With all the disruption that businesses have had to face over the past two years, we are now emerging from the pandemic era into an arena of not only increased competition but also great pressure to improve the retail experience.
Throughout the months of lockdown and quarantine, shoppers have become far more demanding than ever before – and their expectations of immediate service, payment and deliveries have accelerated beyond all forecasts made prior to the advent of Covid-19.
To help retailers navigate the new realities of the customer journey while the fight for fresh customers picks up speed, Inside Retail has joined forces with multi-channel, multi-carrier e-commerce shipping solution provider ShipStation to release a new report on customer behaviour entitled Casting the Net. The report is designed for smart retailers seeking growth outside of their core markets, highlighting four distinct behaviours that have emerged from the latest consumer research.
Written to help retailers broaden their customer base, the report reveals how modern consumers are on the lookout for new inspiration, channels, brands and marketplaces. This is framed as four distinct opportunities for retailers to cast a wider net and engage new shoppers.
In the first instance, Casting the Net shows how shoppers now search for new inspiration in the online space. Long periods of restricted access to in-person shopping have driven consumers towards e-commerce stores, spending more hours shopping online and generally broadening the dimensions of their engagement. During 2019, for example, the average consumer purchased from a total of nine online retailers per year, whereas they’re now shopping from as many as 15 retailers. Consumers are also buying from more product categories than they did in the past, meaning a broader reliance on e-commerce to meet their buying demands.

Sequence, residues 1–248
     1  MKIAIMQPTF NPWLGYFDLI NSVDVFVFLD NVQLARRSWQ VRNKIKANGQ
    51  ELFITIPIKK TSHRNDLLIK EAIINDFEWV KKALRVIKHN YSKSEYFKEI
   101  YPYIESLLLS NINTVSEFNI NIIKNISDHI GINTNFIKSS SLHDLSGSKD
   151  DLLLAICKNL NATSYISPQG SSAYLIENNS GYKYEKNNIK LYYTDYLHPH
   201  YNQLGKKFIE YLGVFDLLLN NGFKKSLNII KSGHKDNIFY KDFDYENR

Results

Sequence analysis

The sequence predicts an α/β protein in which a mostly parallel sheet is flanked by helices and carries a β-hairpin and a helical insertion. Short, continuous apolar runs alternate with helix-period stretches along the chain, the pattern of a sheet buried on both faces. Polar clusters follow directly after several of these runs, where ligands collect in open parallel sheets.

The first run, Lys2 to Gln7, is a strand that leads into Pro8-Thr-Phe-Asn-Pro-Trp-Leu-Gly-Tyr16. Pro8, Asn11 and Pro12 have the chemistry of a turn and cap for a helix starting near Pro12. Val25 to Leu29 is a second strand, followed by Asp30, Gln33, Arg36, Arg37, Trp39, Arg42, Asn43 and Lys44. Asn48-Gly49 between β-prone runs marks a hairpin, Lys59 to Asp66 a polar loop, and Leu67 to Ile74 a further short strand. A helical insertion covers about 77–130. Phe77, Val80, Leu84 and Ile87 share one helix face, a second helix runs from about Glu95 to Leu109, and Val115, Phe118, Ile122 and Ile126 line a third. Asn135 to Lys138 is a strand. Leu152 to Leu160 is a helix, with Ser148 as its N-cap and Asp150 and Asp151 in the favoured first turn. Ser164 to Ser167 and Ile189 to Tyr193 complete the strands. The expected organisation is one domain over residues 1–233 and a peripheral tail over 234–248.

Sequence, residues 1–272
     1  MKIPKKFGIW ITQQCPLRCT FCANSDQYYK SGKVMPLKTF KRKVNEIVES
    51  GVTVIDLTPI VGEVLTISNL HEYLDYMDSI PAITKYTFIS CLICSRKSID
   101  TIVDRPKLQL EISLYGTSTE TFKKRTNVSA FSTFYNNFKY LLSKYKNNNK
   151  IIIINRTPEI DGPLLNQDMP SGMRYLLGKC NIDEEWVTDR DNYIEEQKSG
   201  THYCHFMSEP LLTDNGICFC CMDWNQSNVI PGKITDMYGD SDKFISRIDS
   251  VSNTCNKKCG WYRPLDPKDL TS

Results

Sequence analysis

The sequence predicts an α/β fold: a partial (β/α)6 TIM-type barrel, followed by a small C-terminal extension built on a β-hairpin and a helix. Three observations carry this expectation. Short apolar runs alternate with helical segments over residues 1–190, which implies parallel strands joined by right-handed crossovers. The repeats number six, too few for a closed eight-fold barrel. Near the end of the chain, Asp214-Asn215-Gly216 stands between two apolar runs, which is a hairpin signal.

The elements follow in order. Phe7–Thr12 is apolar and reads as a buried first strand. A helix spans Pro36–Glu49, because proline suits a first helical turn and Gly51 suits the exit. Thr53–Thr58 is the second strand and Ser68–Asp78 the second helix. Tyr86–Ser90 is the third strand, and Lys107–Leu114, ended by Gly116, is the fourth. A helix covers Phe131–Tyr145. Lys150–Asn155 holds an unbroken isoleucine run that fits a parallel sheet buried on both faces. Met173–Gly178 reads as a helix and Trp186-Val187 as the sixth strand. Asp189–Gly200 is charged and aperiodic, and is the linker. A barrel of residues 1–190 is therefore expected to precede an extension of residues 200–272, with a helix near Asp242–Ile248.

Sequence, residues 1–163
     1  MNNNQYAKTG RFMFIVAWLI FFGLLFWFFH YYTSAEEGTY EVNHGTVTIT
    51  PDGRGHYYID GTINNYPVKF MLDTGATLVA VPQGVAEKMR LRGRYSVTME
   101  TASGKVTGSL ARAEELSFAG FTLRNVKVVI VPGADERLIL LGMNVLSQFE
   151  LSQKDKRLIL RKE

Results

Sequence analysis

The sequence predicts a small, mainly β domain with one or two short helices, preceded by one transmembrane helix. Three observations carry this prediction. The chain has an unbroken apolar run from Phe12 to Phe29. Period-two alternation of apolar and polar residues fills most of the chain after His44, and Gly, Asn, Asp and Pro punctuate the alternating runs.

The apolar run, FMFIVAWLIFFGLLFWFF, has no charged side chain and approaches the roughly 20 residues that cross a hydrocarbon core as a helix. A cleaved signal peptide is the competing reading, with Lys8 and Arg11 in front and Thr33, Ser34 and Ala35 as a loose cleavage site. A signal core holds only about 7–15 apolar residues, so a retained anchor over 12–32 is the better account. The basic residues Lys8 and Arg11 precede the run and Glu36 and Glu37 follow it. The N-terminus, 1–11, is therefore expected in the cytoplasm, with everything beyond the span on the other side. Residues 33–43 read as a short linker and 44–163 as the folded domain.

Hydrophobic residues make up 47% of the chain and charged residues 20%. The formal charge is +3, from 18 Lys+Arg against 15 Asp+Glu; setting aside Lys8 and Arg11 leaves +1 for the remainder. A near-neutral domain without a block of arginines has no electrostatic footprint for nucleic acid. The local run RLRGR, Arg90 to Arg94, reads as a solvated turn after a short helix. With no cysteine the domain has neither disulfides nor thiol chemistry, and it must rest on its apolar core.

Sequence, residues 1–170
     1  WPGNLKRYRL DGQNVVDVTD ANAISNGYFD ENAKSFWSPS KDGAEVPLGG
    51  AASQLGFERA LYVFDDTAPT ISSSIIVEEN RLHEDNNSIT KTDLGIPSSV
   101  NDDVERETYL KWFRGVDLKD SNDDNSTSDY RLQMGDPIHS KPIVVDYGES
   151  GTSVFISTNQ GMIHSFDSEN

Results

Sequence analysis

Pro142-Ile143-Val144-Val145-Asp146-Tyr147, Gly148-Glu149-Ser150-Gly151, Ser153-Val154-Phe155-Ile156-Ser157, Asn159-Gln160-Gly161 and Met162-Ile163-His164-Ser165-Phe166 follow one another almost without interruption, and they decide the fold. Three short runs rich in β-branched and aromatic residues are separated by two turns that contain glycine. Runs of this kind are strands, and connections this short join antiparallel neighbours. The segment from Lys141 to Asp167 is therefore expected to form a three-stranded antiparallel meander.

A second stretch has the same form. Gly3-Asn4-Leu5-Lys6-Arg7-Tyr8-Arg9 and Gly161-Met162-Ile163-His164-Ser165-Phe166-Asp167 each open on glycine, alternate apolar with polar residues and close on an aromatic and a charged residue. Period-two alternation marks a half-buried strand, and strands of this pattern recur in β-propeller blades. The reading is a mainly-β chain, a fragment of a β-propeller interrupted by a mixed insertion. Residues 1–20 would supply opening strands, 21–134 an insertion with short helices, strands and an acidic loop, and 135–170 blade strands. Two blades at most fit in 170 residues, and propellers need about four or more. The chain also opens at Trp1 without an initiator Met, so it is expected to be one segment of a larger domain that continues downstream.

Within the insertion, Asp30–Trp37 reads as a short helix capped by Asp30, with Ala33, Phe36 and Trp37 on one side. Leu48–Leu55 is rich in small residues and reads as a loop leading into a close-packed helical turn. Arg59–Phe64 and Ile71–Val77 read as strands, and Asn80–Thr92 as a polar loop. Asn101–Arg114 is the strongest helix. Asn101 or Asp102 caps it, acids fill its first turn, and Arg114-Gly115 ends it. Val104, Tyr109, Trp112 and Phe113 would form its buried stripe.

While the opportunities are clear, the sheer volume of competition between advertisers presents a tough problem for retailers, with all of them vying for maximum consumer attention. Key to solving this problem is understanding the degree to which consumers research their purchases, with 98 per cent of shoppers now reading online reviews before they buy. This suggests that retailers should be offering more inspiration and product discovery opportunities across multiple channels in order to catch the increased volume of customer engagement.
The report examines the phenomenon of unplanned purchasing – not to be confused with impulse buying for low-price items. Unplanned shopping is a direct result of the ease with which consumers can now browse and compare the multitude of SKUs available online, allowing them to discover new products they hadn’t previously considered buying. According to the data, an average consumer makes 2.1 unplanned purchases every three months, 22 per cent of which involve trying a new brand. This matches research suggesting 70 per cent of shoppers don’t consider brand familiarity in their online purchases. Retailers can take advantage of this phenomenon by building their direct-to-customer channels.
Another contributing factor in the rise of unplanned purchasing is the increasing tendency among consumers to explore new channels. Brands taking advantage of this surge in customer curiosity have discovered co-branding to be a powerful way to successfully bolster their reach and improve access to new customers. Research conducted in the US market – which is very likely to comport with consumer attitudes in Australia – suggests that 71 per cent of shoppers have a positive view of co-branded partnerships, while 43 per cent count themselves willing to try a co-branded product involving a company they already like. In Australia, 52 per cent of marketers say that brand partnerships are already a significant part of their promotional strategies.
Marketing directly to consumers has surged during the pandemic era, with roughly half of online shoppers reporting having purchased directly from brands during the past year. Direct brand shoppers are more likely to fall into a younger age group, many of whom are discovering their desired products via social media. This suggests that direct-to-customer channels are best targeted to younger shoppers who are frequent social media users and prone to be interested in trying new brands.
ShipStation’s report also examines how retailers should leverage marketplace shopping, given that marketplaces account for a third of all online purchases. According to the research, enterprise marketplaces have achieved 50 per cent compound growth over the past two years, compared to compound growth of 22 per cent for online retail as a whole over the same period. These increases are only expected to continue, with 73 per cent of shoppers saying they would like to see more of their favourite retailers opening an online marketplace – a clear prompt to businesses who have yet to make the digital transformation.
Casting the Net covers these insights and more, encouraging retailers to leverage the clear opportunities outlined in the research. To read the entire report, click here.